Pedro I shall see thee ere I die, looke pale with loue.
    240Bene. With anger, with sickenesse, or with hunger, my
    Lord, not with loue: proue that euer I loose more blood with
    loue then I will get againe with drinking, picke out mine eies
    with a Ballad-makers penne, and hang me vp at the doore of a
    brothel house for the signe of blinde Cupid.
    Pedro Well, if euer thou dost fall from this faith, thou wilt
    prooue a notable argument.
    Bene. If I do, hang me in a bottle like a Cat, and shoote at
    me, and he that hits me, let him be clapt on the shoulder, and
    250calld Adam.
    Pedro Well, as time shal trie: in time the sauage bull doth
    beare the yoake.
    Bene. The sauage bull may, but if euer the sensible Bene-
    dicke beare it, plucke off the bulls hornes, and set them in my
    255forehead, and let me be vildly painted, and in such great let-
    ters as they write, here is good horse to hyre: let them signi-
    fie vnder my signe, here you may see Benedicke the married
    Claudio If this should euer happen, thou wouldst be horn
    Pedro Nay, if Cupid haue not spent all his quiuer in Venice,
    thou wilt quake for this shortly.
    Bened. I looke for an earthquake too then.
    Pedro Well, you will temporize with the howres, in the
    265meane time, good signior Benedicke, repaire to Leonatoes,
    commend me to him, and tell him I will not faile him at sup-
    per, for indeede he hath made great preparation.
    Bened. I haue almost matter enough in mee for suche an
    270Embassage, and so I commit you.
    Clau. To the tuition of God: from my house if I had it.
    Pedro The sixt of Iuly: your louing friend Benedicke.
    Bened. Nay mocke not, mocke not, the body of your dis-
    275course is sometime guarded with fragments, and the guardes
    are but slightly basted on neither, ere you flowt old ends any
    further, examine your conscience, and so I leaue you.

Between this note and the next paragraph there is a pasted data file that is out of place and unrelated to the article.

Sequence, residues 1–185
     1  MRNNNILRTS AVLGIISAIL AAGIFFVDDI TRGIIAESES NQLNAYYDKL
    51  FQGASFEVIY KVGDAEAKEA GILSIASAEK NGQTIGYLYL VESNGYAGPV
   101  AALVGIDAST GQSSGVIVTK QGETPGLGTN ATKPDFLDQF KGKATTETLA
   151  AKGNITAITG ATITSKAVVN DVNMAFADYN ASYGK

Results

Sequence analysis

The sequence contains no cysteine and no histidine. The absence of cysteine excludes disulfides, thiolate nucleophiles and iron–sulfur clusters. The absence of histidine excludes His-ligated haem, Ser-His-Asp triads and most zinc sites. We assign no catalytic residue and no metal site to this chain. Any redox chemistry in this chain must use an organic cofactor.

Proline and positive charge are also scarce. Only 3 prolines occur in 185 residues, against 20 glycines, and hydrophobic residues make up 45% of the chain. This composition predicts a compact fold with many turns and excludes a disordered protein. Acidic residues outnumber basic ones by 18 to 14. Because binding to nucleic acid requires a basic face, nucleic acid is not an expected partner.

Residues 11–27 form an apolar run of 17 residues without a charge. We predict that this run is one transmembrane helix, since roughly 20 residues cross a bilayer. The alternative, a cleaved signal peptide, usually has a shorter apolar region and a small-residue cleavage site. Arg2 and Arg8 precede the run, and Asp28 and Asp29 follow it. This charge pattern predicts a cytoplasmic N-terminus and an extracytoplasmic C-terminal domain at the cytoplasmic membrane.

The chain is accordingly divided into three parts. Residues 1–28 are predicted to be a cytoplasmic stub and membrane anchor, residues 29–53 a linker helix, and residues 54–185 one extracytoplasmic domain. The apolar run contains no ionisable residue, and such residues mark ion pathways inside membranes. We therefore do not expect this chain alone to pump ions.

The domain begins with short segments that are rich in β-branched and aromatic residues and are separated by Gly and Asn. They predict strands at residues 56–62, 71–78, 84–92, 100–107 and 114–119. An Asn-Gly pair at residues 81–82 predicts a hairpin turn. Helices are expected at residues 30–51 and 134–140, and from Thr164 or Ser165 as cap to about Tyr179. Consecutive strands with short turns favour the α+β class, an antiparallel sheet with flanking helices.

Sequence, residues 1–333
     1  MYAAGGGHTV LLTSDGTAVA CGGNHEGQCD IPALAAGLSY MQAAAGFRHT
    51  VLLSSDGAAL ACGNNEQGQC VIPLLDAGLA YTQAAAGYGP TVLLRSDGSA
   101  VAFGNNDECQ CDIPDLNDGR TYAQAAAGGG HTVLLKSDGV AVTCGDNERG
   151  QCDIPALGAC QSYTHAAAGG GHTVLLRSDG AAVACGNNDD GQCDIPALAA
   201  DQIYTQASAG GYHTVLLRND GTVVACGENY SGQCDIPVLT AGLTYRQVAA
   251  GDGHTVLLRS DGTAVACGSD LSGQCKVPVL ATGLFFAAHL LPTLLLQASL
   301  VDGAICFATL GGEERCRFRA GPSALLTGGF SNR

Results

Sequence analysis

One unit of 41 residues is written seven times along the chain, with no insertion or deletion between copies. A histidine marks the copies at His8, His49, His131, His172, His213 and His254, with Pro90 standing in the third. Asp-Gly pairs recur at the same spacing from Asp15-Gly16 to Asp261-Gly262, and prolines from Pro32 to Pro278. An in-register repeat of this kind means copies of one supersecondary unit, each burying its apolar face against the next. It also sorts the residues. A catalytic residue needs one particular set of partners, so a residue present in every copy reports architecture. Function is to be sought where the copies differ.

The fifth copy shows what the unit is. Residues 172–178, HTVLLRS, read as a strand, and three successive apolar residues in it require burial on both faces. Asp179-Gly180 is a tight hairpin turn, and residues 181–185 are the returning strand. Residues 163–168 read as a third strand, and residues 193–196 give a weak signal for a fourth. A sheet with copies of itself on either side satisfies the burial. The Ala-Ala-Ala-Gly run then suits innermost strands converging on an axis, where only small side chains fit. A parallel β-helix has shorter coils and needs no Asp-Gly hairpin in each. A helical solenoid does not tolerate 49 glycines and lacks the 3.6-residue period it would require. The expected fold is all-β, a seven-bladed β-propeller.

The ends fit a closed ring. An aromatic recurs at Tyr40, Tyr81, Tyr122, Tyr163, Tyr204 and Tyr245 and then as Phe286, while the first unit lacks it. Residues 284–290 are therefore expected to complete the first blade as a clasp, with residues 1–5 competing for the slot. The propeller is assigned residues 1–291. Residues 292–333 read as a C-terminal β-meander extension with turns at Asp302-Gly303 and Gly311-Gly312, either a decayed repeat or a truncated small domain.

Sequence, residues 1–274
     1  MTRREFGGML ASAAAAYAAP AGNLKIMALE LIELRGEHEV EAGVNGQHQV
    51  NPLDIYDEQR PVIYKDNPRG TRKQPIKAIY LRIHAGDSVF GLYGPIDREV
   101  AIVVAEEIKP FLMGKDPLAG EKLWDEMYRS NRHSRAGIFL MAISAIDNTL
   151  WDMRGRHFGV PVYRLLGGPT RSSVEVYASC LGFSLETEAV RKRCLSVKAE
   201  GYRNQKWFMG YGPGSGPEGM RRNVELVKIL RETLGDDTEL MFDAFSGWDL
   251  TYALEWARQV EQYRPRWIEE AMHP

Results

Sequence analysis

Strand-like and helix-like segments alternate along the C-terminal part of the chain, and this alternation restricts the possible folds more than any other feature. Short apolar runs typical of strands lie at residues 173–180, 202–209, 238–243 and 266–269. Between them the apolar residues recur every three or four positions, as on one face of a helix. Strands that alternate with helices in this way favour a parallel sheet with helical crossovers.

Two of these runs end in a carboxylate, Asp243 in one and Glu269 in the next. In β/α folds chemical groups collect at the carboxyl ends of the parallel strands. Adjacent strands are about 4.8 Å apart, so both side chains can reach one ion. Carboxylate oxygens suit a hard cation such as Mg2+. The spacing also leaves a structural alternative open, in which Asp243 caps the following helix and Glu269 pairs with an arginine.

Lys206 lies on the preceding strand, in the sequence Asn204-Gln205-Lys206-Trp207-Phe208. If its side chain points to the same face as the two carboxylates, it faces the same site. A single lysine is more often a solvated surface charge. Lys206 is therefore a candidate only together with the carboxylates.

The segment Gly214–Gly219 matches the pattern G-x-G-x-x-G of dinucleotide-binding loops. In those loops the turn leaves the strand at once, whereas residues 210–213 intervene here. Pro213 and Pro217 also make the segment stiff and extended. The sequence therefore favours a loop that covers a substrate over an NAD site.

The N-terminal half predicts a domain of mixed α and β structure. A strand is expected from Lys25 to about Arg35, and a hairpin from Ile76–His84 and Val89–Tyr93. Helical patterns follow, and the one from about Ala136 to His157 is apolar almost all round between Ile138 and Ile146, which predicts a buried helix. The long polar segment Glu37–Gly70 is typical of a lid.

Claudio My liege, your Highnesse nowe may doe mee
    Pedro My loue is thine to teach, teach it but how,
    And thou shalt see how apt it is to learne
    Any hard lesson that may do thee good.
    Clau. Hath Leonato any sonne, my lord?
    285Pedro No childe but Hero, shees his onely heire:
    Doost thou affect her Claudio?
    Claudio O my lord,
    When you went onward on this ended action,
    I lookt vpon her with a souldiers eie,
    290That likt, but had a rougher taske in hand,
    Than to driue liking to the name of loue:
    But now I am returnde, and that warre-thoughts,
    Haue left their places vacant: in their roomes,
    Come thronging soft and delicate desires,
    295All prompting mee how faire yong Hero is,
    Saying I likt her ere I went to warres.
    Pedro Thou wilt be like a louer presently,
    And tire the hearer with a booke of words,
    If thou dost loue faire Hero, cherish it,
    300And I wil breake with hir, and with her father,
    300And thou shalt haue her: wast not to this end,
    That thou beganst to twist so fine a storie?
    Clau. How sweetly you do minister to loue,
    That know loues griefe by his complexion!
    But lest my liking might too sodaine seeme,
    305I would haue salude it with a longer treatise.
    Pedro What need the bridge much broder then the flood?
    The fairest graunt is the necessitie:
    Looke what wil serue is fit: tis once, thou louest,
    And I wil fit thee with the remedie,
    310I know we shall haue reuelling to night,
    I wil assume thy part in some disguise,
    And tell faire Hero I am Claudio,
    And in her bosome ile vnclaspe my heart,
    And take her hearing prisoner with the force
    315And strong incounter of my amorous tale:
    Then after, to her father will I breake,
    And the conclusion is, she shal be thine,
    In practise let vs put it presently.